Common Throwing Errors Holding Back Your Game

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Most of us reach plateaus in our disc golf game. Your scores haven’t improved in months; your max distance has stagnated and your accuracy isn’t picking up any of the slack. You probably struggle with one or more of the following common throwing errors. We’ll look at how to identify these errors in your game and provide some quick tips to help correct them. 

Off-Axis Torque 

Off-axis torque is a common throwing error that limits potential distance and leads to inconsistent flight paths. Off-axis torque happens when a force is applied to the disc that is not on the angle or in the direction of intended release. For example, if you roll your wrist at the end of a shot meant to be thrown on a hyzer angle, that will create flutter. You are robbing the disc of spin and forward momentum and are ultimately limiting your potential for accurate distance. 

To help lessen off-axis torque, focus on your follow through. Even after the disc leaves your hand, continue your arm swing on the same line as the drive. When throwing a hyzer, that means your follow through continues upwards, with your hand ultimately finishing higher than your shoulder. 


Rounding

Rounding is common to newer players, but is a throwing error that can affect anyone. Rounding occurs when a player pulls the disc on a curve instead of in a straight line as they drive. Usually this starts with a reach back that happens around the body instead of straight back along the intended line of release. Rounding exaggerates the impacts of early and late releases. For a right-handed backhand player who is rounding, an early release will cause the disc to fly hard left and into the ground; a late release will result in a shanked shot to the right called a Griplock. If instead the player pulled the disc in a straight line along the intended line of release, an early release would result in a shorter drive and a late release a longer drive, but both in the direction of the target. 

To help fix rounding, place an object such as a disc on the back left side of the tee pad before you throw. As you reach back, try to reach towards that disc on the tee. This will help prevent reaching back around your body and in turn will keep your throwing motion in a straighter line. 

 


Focusing on Power Instead of Technique 

Many players find that if they try to throw at 50% power, the shot ends up going just as far as when they try to throw at full power, but with more accuracy. This is because timing, not power, is the most crucial element to a great drive. Trying to increase power can easily result in sloppy timing. If your timing is off, much of your expended energy fails to get transferred into the disc. A great throw involves syncing the legs, hips, core, and upper body. If you overpower the disc, you will lose the connection between these points. 

To fix this problem, slow down your throw. First, throw at just 25% power with good timing. Then increase power to the point where you notice your accuracy start to suffer. If 50% is the max power you can put on the disc before losing accuracy, 50% is as hard as you should try to throw on the course. With more practice, you will be able to add more power, while maintaining good timing. 


All Arm Throw

Beginners often try to muscle through the drive using as much arm power as they can. This can lead to an “all arm throw.” As we discussed in the section on throwing with too much power, proper disc golf form involves good timing between the lower body, core, and upper body. In the all arm throw, the player is not thinking about using their lower body or core at all. This leads to a drive that is less accurate, has less distance, and has a greater chance of resulting in injury. Like Dave Dunipace, Innova Co-founder and Disc Designer, says in his “Tip of the Whip” video, there are several levers that need to be wound up in a proper disc golf throw.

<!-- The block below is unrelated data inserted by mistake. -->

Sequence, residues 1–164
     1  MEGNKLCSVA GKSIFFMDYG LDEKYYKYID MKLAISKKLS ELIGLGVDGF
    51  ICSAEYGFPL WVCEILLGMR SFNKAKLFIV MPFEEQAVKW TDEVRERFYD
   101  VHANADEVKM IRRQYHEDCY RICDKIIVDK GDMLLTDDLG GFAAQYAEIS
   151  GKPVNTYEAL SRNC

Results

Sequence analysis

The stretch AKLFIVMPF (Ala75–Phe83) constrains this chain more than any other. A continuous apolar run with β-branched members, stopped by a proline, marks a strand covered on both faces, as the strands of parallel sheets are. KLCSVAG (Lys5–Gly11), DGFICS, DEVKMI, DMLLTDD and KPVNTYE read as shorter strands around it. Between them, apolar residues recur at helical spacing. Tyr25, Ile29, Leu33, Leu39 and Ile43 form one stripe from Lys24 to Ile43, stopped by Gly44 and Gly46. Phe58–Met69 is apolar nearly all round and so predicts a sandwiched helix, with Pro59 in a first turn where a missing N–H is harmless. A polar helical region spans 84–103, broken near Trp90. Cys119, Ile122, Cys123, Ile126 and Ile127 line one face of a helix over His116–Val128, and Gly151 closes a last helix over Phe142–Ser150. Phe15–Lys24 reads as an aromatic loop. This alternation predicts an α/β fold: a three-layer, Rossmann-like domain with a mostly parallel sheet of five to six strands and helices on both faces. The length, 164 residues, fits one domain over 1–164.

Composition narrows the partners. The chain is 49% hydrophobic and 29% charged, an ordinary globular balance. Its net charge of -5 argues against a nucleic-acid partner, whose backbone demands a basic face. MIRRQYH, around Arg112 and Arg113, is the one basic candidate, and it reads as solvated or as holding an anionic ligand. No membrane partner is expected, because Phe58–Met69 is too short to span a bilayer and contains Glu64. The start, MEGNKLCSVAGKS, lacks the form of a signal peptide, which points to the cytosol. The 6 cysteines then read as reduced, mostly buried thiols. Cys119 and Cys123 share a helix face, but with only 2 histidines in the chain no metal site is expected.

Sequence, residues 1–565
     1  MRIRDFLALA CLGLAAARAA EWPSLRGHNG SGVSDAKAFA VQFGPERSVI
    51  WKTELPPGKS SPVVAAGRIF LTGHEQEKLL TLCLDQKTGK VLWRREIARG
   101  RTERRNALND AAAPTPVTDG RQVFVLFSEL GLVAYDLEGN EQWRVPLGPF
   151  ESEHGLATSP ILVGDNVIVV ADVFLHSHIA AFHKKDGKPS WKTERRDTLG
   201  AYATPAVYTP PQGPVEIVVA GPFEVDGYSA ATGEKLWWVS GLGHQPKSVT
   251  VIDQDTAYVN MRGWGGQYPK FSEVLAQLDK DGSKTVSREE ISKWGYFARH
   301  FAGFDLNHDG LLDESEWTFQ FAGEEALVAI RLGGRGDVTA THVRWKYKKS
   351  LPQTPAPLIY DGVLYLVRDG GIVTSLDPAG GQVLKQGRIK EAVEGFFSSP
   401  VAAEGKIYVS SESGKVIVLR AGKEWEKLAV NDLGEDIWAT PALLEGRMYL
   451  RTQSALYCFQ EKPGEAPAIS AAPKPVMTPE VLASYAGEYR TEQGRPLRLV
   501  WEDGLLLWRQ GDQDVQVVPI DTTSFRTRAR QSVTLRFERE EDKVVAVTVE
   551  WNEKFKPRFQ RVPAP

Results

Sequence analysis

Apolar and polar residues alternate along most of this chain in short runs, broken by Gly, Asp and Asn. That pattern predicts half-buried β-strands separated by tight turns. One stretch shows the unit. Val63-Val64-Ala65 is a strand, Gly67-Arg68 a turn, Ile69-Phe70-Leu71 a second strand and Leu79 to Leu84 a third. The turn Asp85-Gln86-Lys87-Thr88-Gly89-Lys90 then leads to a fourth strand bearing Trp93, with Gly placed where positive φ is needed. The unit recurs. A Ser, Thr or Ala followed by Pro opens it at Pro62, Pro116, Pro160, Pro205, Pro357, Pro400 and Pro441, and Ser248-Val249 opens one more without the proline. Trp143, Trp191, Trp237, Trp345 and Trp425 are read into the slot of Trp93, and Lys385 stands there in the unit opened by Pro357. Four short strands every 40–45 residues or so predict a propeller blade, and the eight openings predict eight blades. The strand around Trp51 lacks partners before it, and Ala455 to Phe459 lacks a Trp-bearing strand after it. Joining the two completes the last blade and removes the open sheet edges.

To fix the all arm throw, think about your hips. Hip rotation is where much of the power in a great drive comes from. If you think more about driving with a powerful hip rotation instead of a powerful pull of the arm, you will increase distance and lessen the risk of injury. 


Nose Up

Achieving the proper nose angle can be one of the hardest things for new players, especially those transitioning from other disc sports. For distance shots, you need to keep the nose of the disc pointed downward as you release. Discs thrown with the nose up will travel less far and will hyzer out early. If you can throw 300 feet with the nose up, the same shot would travel 350+ with a small adjustment to the nose angle. 

The best way to make sure your disc comes out with the nose down is to simply over-exaggerate the nose down angle in your hand before you start the throw. This may require a slight adjustment to your grip. With time, you can use varying nose angles as a tool to help you control distance. 


Throwing a Disc That’s Too Fast

Likely the number one most common mistake that beginners make is throwing a disc that is too fast and too overstable for their armspeed. Newer players hear “faster disc” and assume that means “farther flying disc.” While with proper form and adequate armspeed, faster discs do tend to go farther, with incorrect form or insufficient speed, High-speed Drivers burn to the left and straight into the ground. Gregg Barsby tells us that, “Most high-speed discs will all do the exact same thing for a new player… fade hard. Learning the 7-9 speed drivers will make the transition to 12-14 speed stuff a lot easier.” 

With that tip, the fix here is clear. Learn how to throw Putters and Midranges first. Once you feel comfortable with these lower speed discs, move on to Fairway Drivers. Do not worry about throwing High-speed Drivers until you’ve mastered your Putters, Midranges, and Fairways.